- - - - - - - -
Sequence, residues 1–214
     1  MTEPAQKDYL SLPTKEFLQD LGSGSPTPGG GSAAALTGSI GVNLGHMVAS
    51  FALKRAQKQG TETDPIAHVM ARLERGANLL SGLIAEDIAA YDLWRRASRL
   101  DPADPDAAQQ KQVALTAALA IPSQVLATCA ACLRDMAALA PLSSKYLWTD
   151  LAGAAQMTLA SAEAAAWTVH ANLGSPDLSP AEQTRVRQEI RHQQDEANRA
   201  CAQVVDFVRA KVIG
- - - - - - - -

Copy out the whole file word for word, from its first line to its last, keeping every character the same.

Sequence, residues 1–214
     1  MTEPAQKDYL SLPTKEFLQD LGSGSPTPGG GSAAALTGSI GVNLGHMVAS
    51  FALKRAQKQG TETDPIAHVM ARLERGANLL SGLIAEDIAA YDLWRRASRL
   101  DPADPDAAQQ KQVALTAALA IPSQVLATCA ACLRDMAALA PLSSKYLWTD
   151  LAGAAQMTLA SAEAAAWTVH ANLGSPDLSP AEQTRVRQEI RHQQDEANRA
   201  CAQVVDFVRA KVIG